October 30, 2011

Leadership - "The Board of Directors"

Note: This particular article is direct and to the point. When it comes to the HBA board of directors I take a more aggressive tone because I deeply believe that at the local level board members are extremely vital to the health and well being of the local HBA.
This experience, if handled correctly, will help with the understanding of and better participation at the state HBA board and NAHB board of directors levels. 

The HBA board of directors gives a unique perspective of how the association and the industry are intertwined. If you choose to seek a board seat, and are selected by the nominating committee to serve, you will find that when you cross that threshold from general member to board member it will be like Dorothy in The Wizard of Oz going from the world of no color to a fully aware world of technicolor.The primary responsibility of the board of directors is to protect the interests of the membership, generally, and the HBA, in particular. When you become a board member you do so by your choice, nobody else's. Resume builders are a dime a dozen but a true leader should clearly understand his or her role at this level. 
When I made "the crossover" I truly became aware of the purpose of the HBA and I made the choice to put the HBA above my personal interests because I knew the success of the association would give me the opportunity to succeed.

The following are the proper steps needed to become a board member of you local. It's a rewarding experience, if conducted properly, and priceless when it comes to the education of our industry and your growth as an industry leader and professional.

"The Board of Directors"
Note: The following is based upon local HBA board of directors. State HBAs may slightly differ but not dramatically. Some states have, based on builder membership totals, available board seats with the majority, in some cases vast majority, given to builder  members. Your local Executive officer can explain that process.

How to Become a Director
  • Financial commitment to the HBA ~ Those who invest in the HBA demonstrate a financial willingness to help in its success. These types of members "put their money where their mouth is" and that is a significant start. You may be in a situation where you absolutely can't participate financially. If this is the case ask yourself if you are doing all you can to influence others to invest in the HBA.
  • Excelled as a volunteer ~ If you were active as a volunteer, enthused and consistently followed through on your commitments, than you would be a welcome source of new blood on the board.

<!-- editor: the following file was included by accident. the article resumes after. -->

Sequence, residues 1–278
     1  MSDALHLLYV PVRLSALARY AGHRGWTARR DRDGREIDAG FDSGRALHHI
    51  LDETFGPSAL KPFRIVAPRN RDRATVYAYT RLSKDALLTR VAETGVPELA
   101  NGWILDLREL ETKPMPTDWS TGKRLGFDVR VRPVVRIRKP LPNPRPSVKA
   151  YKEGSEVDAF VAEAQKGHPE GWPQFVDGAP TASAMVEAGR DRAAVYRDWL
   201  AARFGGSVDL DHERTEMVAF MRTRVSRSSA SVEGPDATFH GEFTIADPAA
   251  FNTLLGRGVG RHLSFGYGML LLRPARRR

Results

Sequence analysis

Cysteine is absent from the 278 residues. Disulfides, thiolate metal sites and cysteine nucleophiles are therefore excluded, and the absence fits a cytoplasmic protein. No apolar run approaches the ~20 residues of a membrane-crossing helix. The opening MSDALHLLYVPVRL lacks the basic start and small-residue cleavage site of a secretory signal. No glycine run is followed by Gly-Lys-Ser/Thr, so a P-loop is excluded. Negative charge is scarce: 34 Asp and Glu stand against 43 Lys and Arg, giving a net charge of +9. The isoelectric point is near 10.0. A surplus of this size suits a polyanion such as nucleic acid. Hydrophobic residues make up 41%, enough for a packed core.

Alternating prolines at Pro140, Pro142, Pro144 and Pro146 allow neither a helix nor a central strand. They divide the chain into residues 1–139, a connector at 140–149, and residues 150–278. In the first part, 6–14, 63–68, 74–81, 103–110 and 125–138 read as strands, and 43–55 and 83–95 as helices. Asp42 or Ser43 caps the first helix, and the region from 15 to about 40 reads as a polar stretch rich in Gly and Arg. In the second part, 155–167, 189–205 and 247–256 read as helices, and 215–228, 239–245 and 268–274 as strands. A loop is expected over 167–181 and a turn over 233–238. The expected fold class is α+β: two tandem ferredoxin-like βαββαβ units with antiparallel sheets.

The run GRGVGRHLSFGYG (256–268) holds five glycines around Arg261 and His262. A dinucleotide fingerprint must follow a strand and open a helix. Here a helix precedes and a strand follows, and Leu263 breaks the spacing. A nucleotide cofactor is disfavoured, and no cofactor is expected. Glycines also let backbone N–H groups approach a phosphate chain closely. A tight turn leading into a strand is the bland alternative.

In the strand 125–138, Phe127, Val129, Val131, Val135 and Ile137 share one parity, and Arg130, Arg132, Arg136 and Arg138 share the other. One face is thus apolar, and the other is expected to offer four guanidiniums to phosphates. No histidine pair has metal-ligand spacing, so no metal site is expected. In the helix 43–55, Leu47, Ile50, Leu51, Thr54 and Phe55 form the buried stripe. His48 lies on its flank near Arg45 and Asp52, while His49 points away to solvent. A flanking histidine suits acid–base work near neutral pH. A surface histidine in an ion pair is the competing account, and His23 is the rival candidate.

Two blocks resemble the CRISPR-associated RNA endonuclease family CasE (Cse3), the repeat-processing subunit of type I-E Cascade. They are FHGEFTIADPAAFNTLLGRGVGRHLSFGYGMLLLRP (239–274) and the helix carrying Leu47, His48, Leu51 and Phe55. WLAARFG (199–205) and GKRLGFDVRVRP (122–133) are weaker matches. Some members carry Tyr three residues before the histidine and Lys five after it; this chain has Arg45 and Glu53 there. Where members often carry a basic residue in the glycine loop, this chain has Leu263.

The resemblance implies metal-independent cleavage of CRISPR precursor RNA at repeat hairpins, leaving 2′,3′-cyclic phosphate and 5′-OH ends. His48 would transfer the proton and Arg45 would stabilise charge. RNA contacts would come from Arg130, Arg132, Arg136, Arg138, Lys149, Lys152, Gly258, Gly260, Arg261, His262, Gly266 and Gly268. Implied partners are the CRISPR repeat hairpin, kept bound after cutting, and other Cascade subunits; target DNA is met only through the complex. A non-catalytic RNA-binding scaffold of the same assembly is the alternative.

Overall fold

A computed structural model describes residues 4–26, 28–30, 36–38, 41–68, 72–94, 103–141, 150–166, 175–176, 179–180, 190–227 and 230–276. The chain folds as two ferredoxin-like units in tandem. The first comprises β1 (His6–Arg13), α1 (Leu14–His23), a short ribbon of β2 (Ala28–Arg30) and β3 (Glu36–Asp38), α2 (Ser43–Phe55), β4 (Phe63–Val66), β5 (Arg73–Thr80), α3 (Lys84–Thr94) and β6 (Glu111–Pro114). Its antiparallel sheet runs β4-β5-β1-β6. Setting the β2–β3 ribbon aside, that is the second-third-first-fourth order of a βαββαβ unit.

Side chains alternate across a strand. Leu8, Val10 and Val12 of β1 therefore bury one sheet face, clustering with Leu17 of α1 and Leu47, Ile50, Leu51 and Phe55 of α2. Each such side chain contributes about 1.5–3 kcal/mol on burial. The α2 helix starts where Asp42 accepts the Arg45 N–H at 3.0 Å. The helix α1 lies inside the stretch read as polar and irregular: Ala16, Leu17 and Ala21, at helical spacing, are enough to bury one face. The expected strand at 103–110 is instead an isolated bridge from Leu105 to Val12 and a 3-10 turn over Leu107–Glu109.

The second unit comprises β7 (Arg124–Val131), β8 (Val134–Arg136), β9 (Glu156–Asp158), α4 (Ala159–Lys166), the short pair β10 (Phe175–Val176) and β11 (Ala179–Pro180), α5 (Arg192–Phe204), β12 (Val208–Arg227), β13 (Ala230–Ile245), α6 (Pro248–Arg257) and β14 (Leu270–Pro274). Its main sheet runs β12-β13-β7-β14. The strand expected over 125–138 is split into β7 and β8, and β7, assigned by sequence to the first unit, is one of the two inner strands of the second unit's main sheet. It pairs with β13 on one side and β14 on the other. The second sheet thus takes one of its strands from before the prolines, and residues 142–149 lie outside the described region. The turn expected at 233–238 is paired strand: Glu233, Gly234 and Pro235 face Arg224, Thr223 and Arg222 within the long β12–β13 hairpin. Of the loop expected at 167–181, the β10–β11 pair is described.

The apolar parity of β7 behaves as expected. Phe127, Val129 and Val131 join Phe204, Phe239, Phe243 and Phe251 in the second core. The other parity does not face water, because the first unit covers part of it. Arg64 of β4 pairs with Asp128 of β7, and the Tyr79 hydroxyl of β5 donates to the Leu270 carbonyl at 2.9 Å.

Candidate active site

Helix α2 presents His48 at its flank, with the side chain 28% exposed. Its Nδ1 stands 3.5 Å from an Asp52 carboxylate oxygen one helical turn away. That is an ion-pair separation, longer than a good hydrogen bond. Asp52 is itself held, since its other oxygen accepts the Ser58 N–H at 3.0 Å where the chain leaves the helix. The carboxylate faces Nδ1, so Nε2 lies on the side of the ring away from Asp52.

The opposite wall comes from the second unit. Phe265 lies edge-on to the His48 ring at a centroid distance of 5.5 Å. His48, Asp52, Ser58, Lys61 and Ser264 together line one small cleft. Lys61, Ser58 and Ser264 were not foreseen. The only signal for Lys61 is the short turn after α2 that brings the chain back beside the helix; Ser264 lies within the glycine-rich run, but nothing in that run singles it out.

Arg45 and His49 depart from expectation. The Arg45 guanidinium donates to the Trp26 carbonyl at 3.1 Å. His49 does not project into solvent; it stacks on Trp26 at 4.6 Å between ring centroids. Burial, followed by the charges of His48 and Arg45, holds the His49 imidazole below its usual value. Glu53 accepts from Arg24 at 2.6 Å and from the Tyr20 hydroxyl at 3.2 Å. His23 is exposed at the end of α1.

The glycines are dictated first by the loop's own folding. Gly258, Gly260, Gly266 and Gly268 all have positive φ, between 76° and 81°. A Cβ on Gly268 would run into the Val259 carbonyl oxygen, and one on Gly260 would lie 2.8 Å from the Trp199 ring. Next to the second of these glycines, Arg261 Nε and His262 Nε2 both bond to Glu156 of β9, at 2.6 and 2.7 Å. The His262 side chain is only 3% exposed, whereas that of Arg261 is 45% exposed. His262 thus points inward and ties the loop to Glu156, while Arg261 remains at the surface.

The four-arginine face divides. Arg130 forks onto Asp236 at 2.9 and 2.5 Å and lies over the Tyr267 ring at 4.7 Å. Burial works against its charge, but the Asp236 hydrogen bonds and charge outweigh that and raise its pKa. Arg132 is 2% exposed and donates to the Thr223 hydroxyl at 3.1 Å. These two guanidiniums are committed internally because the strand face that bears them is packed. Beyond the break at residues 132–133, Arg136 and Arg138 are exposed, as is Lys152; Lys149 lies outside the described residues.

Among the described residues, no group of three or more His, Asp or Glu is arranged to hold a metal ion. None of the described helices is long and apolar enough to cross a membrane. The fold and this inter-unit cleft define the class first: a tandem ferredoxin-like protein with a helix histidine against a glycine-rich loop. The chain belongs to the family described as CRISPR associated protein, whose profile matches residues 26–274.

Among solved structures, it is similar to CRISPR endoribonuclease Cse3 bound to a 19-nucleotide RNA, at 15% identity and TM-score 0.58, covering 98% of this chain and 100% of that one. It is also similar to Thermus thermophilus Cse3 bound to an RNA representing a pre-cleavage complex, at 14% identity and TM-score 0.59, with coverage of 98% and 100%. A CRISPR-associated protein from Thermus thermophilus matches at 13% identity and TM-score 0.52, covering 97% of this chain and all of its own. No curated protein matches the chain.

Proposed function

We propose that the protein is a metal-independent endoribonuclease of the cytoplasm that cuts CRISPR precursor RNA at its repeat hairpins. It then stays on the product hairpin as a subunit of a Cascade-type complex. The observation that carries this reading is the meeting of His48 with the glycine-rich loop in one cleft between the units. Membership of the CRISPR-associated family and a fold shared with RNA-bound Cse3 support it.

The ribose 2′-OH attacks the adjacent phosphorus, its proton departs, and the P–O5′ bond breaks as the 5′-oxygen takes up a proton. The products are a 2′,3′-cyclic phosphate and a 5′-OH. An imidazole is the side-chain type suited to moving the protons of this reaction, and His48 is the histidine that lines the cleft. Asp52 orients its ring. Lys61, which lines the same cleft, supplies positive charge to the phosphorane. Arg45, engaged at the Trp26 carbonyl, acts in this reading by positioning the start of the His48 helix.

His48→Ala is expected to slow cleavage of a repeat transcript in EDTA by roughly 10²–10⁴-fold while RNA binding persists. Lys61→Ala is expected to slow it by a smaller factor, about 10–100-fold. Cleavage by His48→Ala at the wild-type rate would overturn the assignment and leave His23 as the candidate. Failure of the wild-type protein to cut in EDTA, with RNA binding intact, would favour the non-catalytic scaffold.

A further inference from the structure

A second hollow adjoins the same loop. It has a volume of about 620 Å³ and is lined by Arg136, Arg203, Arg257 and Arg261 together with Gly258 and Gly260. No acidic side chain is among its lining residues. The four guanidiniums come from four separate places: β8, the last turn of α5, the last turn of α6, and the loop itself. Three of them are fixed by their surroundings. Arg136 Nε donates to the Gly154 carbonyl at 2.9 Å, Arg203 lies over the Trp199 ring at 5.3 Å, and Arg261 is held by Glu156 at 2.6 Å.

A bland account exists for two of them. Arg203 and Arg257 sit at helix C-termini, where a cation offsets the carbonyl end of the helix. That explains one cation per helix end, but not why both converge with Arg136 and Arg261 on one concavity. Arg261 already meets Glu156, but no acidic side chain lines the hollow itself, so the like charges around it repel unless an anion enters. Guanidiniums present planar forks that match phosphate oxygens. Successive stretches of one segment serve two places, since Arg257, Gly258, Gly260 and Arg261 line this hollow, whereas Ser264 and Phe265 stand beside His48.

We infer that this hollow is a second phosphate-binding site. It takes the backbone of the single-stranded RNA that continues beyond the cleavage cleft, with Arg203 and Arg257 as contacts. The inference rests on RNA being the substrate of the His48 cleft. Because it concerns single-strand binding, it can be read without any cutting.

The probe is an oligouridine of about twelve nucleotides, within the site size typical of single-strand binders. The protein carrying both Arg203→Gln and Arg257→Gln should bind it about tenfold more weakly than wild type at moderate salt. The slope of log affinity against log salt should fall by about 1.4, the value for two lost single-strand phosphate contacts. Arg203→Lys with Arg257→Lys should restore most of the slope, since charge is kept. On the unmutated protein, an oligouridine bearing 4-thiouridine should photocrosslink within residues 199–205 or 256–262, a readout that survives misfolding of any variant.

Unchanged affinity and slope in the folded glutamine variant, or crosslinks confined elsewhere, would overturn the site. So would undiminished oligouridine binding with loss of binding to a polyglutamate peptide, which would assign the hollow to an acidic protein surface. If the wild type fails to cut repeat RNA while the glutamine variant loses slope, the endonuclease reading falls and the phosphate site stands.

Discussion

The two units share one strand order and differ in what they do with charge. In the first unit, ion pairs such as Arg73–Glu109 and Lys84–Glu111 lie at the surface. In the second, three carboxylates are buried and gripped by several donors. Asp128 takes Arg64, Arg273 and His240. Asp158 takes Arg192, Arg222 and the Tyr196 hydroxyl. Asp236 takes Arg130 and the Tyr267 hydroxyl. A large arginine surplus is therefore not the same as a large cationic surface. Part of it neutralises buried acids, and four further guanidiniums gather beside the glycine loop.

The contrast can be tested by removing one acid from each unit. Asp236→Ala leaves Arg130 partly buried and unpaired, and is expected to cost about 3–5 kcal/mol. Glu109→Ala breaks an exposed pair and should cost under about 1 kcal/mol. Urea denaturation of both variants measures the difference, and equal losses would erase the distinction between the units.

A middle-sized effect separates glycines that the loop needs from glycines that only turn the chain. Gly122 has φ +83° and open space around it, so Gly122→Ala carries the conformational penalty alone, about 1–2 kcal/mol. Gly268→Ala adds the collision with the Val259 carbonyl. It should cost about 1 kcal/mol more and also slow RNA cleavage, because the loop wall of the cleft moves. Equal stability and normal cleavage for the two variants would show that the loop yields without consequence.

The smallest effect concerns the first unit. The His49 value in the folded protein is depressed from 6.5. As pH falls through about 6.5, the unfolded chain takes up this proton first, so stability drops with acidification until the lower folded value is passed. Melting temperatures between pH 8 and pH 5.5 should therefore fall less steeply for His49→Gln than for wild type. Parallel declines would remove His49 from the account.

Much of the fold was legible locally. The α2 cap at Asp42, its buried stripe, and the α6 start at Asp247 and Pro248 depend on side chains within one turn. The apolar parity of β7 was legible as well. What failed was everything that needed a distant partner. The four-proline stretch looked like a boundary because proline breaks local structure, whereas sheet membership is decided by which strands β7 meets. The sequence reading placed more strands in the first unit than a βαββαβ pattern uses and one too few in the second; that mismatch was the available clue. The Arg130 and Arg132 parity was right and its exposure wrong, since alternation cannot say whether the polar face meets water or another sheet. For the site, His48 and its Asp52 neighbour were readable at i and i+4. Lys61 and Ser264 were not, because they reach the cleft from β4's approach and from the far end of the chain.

• Have practiced "association first" ~ Members who have volunteered for the good of the association understand the value of a successful HBA. 
  • Announce your intentions ~ The HBA is a lot of things to a lot of members but being a mind reader is not one! If you have an interest in serving at this level speak with your executive officer, current president and\or past president. One of the three, if not all, will be happy to discuss options for you.
Make up of Board
  • Senior officers ~ The chief elected officer (president), according to NAHB by-laws, is a builder member. Next in leadership, depending on the individual HBA, you will have a first and possibly a second vice president (builder) to advance up the leadership ladder. Other positions that are common; treasurer, secretary and associate vice president. Associates could serve as treasurer or secretary. A strong leadership ladder at the HBA would be majority builder member. Most HBAs have at least one associate as an officer. 
  • Builder board members ~ builders should be the majority of your board.
  • Associate board members ~ the vast majority of HBAs have associates on their board. 
  • Alternate directors (non voting) ~ while this may be a non voting position you may be called upon to vote if you are filling in for a full director. It is advisable for you to attend as many board meetings as possible so if you are called upon you have working knowledge of current HBA issues. 
  • Life directors ~ This is achieved, in most local HBAs, after ten (10) years as an active board member with active meaning attending the minimum required board meetings per year. Each local is different in terms of total meetings per year and you can find the answer by asking the executive officer or reading your HBA by-laws. Some local HBAs include time served as an alternate towards the ten years. Again, you will find that out through your local. 
  • Past Presidents ~ Once a president serves his or her year as the chief elected officer, they become past, with the most recent called "immediate past." Depending on the local HBA there may or may not be required attendance in order for the past presidents to vote but just like the alternate, past presidents should be attending in order to vote on relevant and current HBA initiatives. 
  • Committee Chairs (non voting) ~ Some locals may have the multiple committee chairmen attend to give reports on their respective committees. Unless the chairman is already a board member, they can only advise, not vote.
  • State HBA Committee Representatives ~ Some local HBAs have their members, who serve at the state level on committees, give a report at the local board meeting. This way the local board can become better acquainted with state activities. Non voting unless already on the board.
Board Members Are Strongly Encouraged...
  • to attend board meetings ~ Life happens, work and family should always be at the top of your priority list, certainly higher than HBA involvement. No one will have any issue with you if "life happens" but if you know it will be ongoing please recommend someone else take your seat. The board, to operate properly, needs it's elected volunteers to attend meetings on a regular basis. 
  • to attend general membership meetings ~ board meetings are usually held before general membership meetings. You're there already so unless "life happens" you should stay, meet the new members and engage in conversation with existing members.